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A few Slightly OT questions...


Bass_god_offspring

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Here's a few questions that have been nagging me lately...

 

1.) The other day at band practice, whenever i touched my lips to the mic it seemed to be shocking me. It was painful but i managed to get through the night. anyone know why this is? (It was a powered Berhinger Speaker through a Shrue Mic)

 

2.) Recently, when trying to write music to accompany lyrics that i've written i ran into a little writers block. I was wondering that this might be cuased becuase i play bass, (i.e. a more rythm and backup instrument), and not guitar (i.e. more independant and leader like). Now when i play with our drummer and guitarist i can easily create bass lines off the top of my head, but when i am alone, it seems to go south. Question: could my writers block be due to the fact that Guitar isn't my main instrument and i am too used to back up others?

 

3.) (i know i had one i just can't think of it at the moment)

 

Thanks a lot.

 

:thu:

-BGO

 

5 words you should live by...

 

Music is its own reward

 

---------------

My Band: www.Myspace.com/audreyisanarcissist

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Originally posted by Bass_god_offspring:

Here's a few questions that have been nagging me lately...

 

1.) The other day at band practice, whenever i touched my lips to the mic it seemed to be shocking me. It was painful but i managed to get through the night. anyone know why this is? (It was a powered Berhinger Speaker through a Shrue Mic)

 

2.) Recently, when trying to write music to accompany lyrics that i've written i ran into a little writers block. I was wondering that this might be cuased becuase i play bass, (i.e. a more rythm and backup instrument), and not guitar (i.e. more independant and leader like). Now when i play with our drummer and guitarist i can easily create bass lines off the top of my head, but when i am alone, it seems to go south. Question: could my writers block be due to the fact that Guitar isn't my main instrument and i am too used to back up others?

 

3.) (i know i had one i just can't think of it at the moment)

 

Thanks a lot.

 

:thu:

1. Make sure the grounding in the room is ok. HOw old is the electricity, are there 2 prong plugs used. Do you have a better practice space available.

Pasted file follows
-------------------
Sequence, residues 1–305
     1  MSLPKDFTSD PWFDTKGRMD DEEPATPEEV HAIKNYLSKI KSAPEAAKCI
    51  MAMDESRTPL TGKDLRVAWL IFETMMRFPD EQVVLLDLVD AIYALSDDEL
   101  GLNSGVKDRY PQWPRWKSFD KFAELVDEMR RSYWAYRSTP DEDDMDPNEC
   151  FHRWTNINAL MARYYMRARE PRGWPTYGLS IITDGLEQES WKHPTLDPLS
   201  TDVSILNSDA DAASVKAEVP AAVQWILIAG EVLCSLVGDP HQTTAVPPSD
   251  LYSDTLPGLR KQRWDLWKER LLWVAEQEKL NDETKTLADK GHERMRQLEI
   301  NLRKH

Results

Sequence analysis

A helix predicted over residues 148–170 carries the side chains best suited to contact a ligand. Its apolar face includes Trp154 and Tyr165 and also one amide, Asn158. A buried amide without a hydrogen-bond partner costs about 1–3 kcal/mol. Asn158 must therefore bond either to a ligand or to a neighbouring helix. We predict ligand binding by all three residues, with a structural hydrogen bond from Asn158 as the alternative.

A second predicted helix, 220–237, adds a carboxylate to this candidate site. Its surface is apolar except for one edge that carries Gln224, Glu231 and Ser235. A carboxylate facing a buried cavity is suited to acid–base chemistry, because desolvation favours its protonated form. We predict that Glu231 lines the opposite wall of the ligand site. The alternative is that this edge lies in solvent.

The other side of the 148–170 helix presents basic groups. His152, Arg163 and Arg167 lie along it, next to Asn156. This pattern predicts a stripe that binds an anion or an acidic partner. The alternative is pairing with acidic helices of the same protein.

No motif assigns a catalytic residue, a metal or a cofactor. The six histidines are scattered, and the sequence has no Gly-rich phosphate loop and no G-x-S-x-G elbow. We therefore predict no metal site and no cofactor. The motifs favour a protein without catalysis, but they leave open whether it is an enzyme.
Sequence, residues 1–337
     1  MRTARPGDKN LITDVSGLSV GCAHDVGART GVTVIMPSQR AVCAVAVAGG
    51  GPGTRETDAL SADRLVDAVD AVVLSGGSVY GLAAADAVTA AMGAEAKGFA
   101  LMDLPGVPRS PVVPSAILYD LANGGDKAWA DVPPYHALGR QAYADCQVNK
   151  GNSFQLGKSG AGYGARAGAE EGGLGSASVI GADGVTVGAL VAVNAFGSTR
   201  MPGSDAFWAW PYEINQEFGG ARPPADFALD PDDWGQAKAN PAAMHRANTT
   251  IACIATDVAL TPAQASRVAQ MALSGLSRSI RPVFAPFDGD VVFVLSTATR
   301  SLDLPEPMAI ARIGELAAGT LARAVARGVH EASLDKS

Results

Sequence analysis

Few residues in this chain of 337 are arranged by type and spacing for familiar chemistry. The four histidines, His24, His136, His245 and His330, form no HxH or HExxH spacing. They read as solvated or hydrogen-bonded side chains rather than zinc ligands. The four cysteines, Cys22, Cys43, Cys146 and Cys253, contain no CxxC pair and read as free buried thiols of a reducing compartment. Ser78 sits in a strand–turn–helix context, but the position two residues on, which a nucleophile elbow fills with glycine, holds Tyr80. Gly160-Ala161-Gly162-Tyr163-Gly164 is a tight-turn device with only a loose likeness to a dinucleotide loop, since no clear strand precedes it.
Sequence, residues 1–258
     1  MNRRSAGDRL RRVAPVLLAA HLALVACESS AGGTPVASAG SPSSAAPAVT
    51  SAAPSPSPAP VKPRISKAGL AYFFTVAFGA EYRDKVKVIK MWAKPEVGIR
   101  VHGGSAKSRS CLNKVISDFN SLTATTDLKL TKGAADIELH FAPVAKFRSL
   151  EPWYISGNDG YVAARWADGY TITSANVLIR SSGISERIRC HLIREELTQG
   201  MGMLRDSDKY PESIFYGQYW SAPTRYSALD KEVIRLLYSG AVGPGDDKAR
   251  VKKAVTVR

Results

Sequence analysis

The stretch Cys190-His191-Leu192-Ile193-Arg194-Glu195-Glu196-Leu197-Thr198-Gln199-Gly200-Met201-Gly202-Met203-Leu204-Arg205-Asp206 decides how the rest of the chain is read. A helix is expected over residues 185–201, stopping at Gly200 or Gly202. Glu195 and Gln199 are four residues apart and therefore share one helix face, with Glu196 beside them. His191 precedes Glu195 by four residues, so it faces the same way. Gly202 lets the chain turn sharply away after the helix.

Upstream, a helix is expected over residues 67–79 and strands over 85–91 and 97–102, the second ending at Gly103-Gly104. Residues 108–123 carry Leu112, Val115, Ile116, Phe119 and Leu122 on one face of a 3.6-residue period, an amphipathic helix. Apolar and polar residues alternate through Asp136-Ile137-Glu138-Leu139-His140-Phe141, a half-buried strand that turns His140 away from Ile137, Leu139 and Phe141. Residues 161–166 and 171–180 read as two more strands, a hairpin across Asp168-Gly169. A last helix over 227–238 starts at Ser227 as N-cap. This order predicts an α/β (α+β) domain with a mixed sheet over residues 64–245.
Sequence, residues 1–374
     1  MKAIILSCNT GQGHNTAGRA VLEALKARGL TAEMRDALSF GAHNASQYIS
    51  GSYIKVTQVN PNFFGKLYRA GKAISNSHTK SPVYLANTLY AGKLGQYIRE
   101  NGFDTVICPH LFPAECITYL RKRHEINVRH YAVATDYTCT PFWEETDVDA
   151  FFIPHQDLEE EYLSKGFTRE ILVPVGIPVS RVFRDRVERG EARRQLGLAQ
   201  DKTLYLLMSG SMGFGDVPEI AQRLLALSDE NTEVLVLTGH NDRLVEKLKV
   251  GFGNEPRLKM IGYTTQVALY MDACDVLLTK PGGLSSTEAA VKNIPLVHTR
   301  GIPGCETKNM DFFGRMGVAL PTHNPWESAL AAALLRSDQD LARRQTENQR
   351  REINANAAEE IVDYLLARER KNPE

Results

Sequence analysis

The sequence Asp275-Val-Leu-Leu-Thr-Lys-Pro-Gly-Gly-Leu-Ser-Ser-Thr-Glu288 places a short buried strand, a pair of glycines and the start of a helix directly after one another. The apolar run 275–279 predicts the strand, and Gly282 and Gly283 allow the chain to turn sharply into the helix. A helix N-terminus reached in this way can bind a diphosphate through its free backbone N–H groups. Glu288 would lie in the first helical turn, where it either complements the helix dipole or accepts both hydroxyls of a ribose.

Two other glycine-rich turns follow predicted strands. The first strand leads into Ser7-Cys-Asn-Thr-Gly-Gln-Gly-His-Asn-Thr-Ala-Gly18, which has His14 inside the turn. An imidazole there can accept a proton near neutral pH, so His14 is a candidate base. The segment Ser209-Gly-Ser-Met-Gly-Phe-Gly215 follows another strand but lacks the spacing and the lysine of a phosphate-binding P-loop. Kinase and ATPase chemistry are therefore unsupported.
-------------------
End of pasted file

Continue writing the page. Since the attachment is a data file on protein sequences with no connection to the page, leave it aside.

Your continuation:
2. Bass can be very responsive to writing. There is no problem with playing lead lines, chords, and melodies on bass; while playing and while writing. I've written songs around tapped bass lines, slapped lines, chords, vocal melodies played on bass, you name it I've done it.

I also write on geetar, you might want to pick one up if you think it might help.

 

3. I use an old tapemachine from the arly 80's to record my ideas.

 

First I'll play the basic rythm or chord progression. Then I'll turn the machine way up to saturate the machine and get a different sound so the two lines don't sound the same.

I'll then play the lead line, melody, harmony line, etc.

Hiram Bullock thinks I like the band volume too soft (but he plays guitar). Joe Sample thinks I like it way too loud (but he plays piano). -Marcus Miller
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2. Bass can be very responsive to writing. There is no problem with playing lead lines, chords, and melodies on bass; while playing and while writing
he has a great point. come on bgo, havent you ever heard Longview? :D;)

"I'm thinkin' we should let bump answer this one...

Prepare to don Nomex!"

-social critic

"When I install my cannons, I'm totally going to blast their asses back to the 16th century; Black Beard style"

-bumpcity

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1, You are earthing the system, stop it or ya might die and get the wiring checked.

 

2, There are a number of things I do in this situation:

 

A, Read the lyrics till you get to the place you where when you wrote them.

B, Practise technique till you feel at one with your bass then focus on the words and let it flow.

C, Go do something else for a few days, park the bass out of sight.

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That's a shocking revelation. :mad:

 

The pa and your amp are grounded opposite. (earthed for our UK friends). Make sure everything is plugged into the same outlet. If it is possible to unplug and turn the plug over and plug it in, try that. If your amp power switched on either up or down try the other way.

 

If the floor is concrete, wear rubber soled shoes.